Lesson: The threat of violence and verbal abuse is unacceptable behaviour at all times. Adventure racing including. But some people are just terrible humans. And I’m going to write a list of questions for individuals and teams considering joining forces to ask each other to hopefully avoid racing horror such as this.
Of course, it wasn’t quite over just yet. I got multiple messages in the next few days, checking if I was ok. Apparently, most were fairly shocked when they saw me in that team. Turns out the Team Captain has a reputation and no one has ever raced with him more than once.
Lesson: Ask around about potential teammates, even if you join a team last minute. GODZone could help here by keeping old start lists available so you know who you can go to, to get the low down when you need it.
Eventually, despite all the boys having had symptoms, the Motivator got sick enough that he couldn’t avoid getting tested. I found out second-hand from the Support Crew that he was COVID positive. So much for adults in New Zealand being mature enough to do their own contact tracing. My heart sank and even though I was asymptomatic I was positive too. I called everyone I had had contact with to apologise and wished that I had had the foresight to just test myself after that night he spent coughing into my face. A little luck and good public health measures and I don’t appear to have passed it on to anyone, I still feel guilty though as a medical professional, maybe I should have got us evacuated and tested as soon as the Packhorse admitted symptoms, and we never should have restarted. At least I didn’t refuse to get tested so I could drive the length of the country. Instead, I missed half of a long-awaited trip to visit friends up north, one that was infinitely more valuable than my GODZone experience. But oh well that’s life. I have one final COVID gripe. GODZone was informed as soon as I tested positive, but I think the failure to inform the rest of the race that there was COVID present was a little irresponsible. There was nothing for anyone to do but monitor for symptoms and test if symptomatic, but I still think they probably should have said as much in an email.
Lesson: Adventure racing in a pandemic is complicated. Now RAT testing is much more widely available I would probably insist that we RAT test before we race. Although now I’ve had it, I’m less likely to get it again.
Finally, the financial matters got pretty complicated. With no agreement before we started as to what the expected payments were and different things said to different people about it. I have not ever been given a breakdown of what the costs exactly were. But quoted rough figures in the thousands for both petrol and accommodation and asked to pay a share of a trailer which will go on to be used at the Team Captain’s work. As well as asked to fund food vouchers for ex-team members, provide financial aid as the Team Captain was still unable to work due to his feet and pursued repeatedly by someone overseas who I’ve never heard of, claiming to have been on the team previously. Eventually the once again wonderful Support Crew helped me figure out a fair sum, which I paid and then blocked the by then 3 or 4 people who seemed to think they had a claim to my finances on social media. I didn’t make for a pleasant end and I’m pretty sure that those teammates and I will never talk to again.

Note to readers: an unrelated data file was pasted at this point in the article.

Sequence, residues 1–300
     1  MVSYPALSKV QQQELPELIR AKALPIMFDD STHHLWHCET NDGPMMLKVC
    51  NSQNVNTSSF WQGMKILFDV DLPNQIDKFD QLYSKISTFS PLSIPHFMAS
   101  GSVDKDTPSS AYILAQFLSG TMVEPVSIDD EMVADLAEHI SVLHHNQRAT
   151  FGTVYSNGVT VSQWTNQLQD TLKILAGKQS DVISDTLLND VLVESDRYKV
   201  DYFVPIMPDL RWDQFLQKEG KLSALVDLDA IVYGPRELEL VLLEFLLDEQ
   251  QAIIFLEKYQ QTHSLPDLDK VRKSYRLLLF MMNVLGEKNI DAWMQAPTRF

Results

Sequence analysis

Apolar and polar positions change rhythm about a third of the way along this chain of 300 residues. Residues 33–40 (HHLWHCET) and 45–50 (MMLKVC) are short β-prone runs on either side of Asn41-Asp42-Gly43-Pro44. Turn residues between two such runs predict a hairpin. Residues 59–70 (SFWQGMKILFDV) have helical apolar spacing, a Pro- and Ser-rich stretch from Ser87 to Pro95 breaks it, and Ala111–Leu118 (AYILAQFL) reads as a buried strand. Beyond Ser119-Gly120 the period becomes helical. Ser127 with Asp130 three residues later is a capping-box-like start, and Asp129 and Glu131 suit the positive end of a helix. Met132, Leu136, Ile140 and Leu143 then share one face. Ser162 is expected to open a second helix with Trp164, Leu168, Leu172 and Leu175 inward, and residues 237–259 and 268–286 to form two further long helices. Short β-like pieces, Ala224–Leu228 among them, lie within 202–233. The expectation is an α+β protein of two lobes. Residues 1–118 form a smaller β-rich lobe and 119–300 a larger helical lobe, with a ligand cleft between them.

Lesson: Agree on financial matters prior to the race start and keep receipts etc, so everyone can see the fair costs associated. As a rule, expect to pay your share of the cost for the support crew during the race, and while it’s on an individually agreed basis, if you join a team so close to the start of the race, you are enabling them to race as opposed to the entry fee going to waste. So most of the time you won’t be expected to pay a full entry but definitely pays to agree on this prior to the start of the race.
It’s quite a while now since the race. And will I race again? I still just don’t know. Possibly only if three of my best friends decide to race with me. Or three experienced racers with excellent references need a fourth and are able to give me at least 6 months' notice. Or if my GODZone bachelorette plan takes off, any eligible bachelors please apply here! Although at the moment I’m actually planning to be in Antarctica for the next race. Seems like it might be safe there.